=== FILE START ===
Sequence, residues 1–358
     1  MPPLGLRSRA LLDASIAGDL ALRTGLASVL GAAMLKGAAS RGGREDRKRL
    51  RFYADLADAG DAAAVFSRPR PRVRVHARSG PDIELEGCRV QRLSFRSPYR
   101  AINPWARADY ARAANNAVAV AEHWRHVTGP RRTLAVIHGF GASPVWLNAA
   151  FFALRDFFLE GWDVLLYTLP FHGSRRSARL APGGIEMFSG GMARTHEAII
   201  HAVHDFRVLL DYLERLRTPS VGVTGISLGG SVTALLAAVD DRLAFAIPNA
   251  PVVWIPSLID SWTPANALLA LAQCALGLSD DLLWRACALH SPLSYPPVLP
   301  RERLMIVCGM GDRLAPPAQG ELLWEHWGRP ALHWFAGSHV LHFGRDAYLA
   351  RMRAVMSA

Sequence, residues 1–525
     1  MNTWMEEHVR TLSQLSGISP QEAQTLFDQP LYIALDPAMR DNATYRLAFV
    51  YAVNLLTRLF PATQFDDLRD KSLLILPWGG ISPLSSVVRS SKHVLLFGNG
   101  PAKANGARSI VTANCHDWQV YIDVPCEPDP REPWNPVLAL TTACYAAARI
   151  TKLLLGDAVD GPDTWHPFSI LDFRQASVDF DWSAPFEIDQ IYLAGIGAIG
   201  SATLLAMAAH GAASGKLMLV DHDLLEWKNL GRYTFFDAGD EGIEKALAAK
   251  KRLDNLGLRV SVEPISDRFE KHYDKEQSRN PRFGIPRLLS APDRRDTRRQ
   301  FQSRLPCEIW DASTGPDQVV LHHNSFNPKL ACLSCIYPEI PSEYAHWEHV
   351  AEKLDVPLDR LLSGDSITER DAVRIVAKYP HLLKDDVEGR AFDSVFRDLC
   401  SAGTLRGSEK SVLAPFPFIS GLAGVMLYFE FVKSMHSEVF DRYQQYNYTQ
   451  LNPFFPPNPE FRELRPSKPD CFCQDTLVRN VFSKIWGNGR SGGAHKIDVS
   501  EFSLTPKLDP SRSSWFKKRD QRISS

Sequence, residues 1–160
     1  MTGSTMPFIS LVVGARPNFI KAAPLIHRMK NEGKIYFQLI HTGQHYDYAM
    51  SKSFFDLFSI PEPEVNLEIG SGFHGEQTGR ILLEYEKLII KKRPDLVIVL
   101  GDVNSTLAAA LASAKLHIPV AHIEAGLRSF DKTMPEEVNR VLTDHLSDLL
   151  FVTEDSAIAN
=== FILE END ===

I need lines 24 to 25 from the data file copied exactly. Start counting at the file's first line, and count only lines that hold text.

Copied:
    51  SKSFFDLFSI PEPEVNLEIG SGFHGEQTGR ILLEYEKLII KKRPDLVIVL
   101  GDVNSTLAAA LASAKLHIPV AHIEAGLRSF DKTMPEEVNR VLTDHLSDLL